Trinity Western University Inter-Religion Seminar
Venerable Chang Wu was invited by Trinity Western University to participate in a religious seminar held for its doctoral students. There, she had discussions with the representatives of Christianity, Sikhism, and the Indigenous Peoples. After a brief introduction by the host Dr. Hansmen, each panelist explained the core doctrines of their religion followed by a general discussion.
Velma L. Albert, the representative of the indigenous peoples, gave the first speech. According to Velma, the recent discovery of the remains of 215 indigenous children at the Kamloops Indian Residential School evoked unspoken pain that has existed for a long time. She herself is a Catholic and believes that the issue was not with the doctrine but with the wrongdoings made by the school authorities and related personnel. The great challenge now is to heal the pain of racism and to find hope and strength in faith.
The next religion representative was Sukhvinder Kaur Vinning, who was part of a new tribe derived from Sikhism, established more than a hundred years ago. In the strong rainbow colours of the integration of heaven and earth, this religion tells the tale of long-term persecution resulting from colonialism, being actively involved in society by bringing awareness and letting go of the discrimination and unequal treatment of colonialists.
Venerable Chang Wu talked about the emergence of spreading the Buddhist Dharma online as a result of the COVID-19 epidemic. This has given people in remote areas and even other countries and continents the opportunity to learn the Dharma. She discussed about how to enable people to learn the Dharma effectively. The delivery of content can be adapted with the change of time so that the younger generations can be interested to learn and engage in the Dharma. According to Venerable Chang Wu, this is the biggest challenge at present and in the future.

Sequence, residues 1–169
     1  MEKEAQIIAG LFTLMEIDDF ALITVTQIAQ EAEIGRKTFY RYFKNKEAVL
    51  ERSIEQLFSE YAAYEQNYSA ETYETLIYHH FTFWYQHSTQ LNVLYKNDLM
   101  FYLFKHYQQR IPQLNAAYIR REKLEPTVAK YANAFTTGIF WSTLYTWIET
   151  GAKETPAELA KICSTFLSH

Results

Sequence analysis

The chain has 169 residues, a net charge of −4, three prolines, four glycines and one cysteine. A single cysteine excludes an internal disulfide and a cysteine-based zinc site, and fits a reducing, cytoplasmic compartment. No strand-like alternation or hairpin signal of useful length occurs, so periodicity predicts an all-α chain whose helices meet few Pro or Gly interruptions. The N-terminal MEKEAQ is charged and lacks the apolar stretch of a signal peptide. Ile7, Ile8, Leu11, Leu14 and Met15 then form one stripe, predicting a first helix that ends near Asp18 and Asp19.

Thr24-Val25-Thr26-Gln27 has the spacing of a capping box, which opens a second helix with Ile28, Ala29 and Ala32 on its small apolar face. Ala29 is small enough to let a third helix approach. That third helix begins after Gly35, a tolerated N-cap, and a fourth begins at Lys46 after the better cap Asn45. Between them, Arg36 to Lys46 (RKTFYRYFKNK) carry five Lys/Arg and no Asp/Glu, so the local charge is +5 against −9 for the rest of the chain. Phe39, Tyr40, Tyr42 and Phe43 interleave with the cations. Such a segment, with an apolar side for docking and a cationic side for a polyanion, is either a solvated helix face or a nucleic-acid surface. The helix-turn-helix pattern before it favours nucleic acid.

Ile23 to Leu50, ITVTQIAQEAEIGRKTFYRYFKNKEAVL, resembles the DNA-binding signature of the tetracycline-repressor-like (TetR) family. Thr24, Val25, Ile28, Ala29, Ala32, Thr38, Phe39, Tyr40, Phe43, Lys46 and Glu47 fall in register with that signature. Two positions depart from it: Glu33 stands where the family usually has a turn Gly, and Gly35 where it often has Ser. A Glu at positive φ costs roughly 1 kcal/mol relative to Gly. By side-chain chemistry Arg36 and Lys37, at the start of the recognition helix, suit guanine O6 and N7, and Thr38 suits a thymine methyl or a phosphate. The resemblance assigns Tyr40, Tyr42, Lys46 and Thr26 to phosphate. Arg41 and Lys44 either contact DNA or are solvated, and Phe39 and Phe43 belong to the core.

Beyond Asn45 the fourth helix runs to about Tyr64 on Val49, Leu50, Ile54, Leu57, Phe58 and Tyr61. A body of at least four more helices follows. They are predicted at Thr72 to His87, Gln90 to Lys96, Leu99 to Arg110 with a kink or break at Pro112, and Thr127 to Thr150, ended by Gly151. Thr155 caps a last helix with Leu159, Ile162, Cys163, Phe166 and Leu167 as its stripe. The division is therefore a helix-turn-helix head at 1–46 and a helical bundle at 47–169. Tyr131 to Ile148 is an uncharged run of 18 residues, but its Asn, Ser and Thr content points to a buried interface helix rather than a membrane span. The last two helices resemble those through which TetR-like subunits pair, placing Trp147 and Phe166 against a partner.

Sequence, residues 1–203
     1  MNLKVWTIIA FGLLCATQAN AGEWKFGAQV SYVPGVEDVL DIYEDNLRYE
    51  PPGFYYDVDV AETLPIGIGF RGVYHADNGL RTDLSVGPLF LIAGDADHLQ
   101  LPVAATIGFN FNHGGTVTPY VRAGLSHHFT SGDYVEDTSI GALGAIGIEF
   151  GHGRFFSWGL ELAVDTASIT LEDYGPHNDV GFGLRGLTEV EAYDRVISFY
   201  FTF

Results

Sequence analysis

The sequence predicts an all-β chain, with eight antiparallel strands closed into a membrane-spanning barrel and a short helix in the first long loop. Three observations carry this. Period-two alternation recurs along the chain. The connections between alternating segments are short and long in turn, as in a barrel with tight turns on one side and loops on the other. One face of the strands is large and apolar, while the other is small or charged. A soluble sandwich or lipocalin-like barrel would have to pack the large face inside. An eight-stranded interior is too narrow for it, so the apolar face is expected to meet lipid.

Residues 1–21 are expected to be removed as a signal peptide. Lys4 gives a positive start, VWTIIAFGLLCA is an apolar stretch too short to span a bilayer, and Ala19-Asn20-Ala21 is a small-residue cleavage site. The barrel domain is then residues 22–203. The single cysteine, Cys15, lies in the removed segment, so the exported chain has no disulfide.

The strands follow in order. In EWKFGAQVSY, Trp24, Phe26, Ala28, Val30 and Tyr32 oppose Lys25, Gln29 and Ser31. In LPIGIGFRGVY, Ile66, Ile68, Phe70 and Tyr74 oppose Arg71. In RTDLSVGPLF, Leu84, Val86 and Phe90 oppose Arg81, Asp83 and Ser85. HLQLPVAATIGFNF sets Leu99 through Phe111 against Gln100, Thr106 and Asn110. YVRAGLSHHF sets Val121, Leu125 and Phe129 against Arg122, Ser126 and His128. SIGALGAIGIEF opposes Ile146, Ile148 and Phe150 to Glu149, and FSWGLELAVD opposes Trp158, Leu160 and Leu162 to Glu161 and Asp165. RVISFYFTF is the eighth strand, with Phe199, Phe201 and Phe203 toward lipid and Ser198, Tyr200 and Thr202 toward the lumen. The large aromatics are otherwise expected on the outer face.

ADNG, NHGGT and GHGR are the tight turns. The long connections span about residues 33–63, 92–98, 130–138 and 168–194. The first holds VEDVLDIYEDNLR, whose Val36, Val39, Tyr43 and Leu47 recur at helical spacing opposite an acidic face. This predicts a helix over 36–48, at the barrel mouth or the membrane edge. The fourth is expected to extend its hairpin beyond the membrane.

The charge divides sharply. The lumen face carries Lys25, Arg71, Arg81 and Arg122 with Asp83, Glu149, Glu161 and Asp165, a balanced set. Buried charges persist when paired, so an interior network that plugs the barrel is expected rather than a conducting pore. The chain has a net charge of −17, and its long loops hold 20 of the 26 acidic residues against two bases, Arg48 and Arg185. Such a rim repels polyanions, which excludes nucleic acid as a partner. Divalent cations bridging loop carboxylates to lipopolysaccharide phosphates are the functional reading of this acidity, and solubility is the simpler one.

In the Q&A session, a student who was having a tough time with a family member with disabilities wanted to know the religious attitudes represented by each of the panelists. All panelists expressed that there is no discrimination in their respective religious centres because they have been equipped for people with disabilities. In closing, Venerable Chang Wu said that each of us is actually more or less disabled. She asked “If we can’t do something, is that also considered a disability?”. We may be physically healthy today but we may be disabled if we encounter an accident tomorrow. When we are sick and are unable to do certain things, bed-ridden with illness or just about to die, we will also experience disabilities. People with disabilities are suffering in their hearts. They may face more challenges, non-adaptability and even unfair treatment from others. These challenges are more difficult than those faced by their caregivers. For these caregivers, companionship, acceptance, and understanding are paramount to allow them to care for the disabled. And they also learn to cultivate patience and tolerance. In addition to physical disabilities, there are psychological insufficiencies and spiritual deficiencies which are even deeper levels of disabilities. Hence, we must learn and grow from various religious beliefs.
Photo and Text: Dharma Drum Vancouver Centre English Translation by Daphne and Miranda Tsai
Date: Jun 14, 2021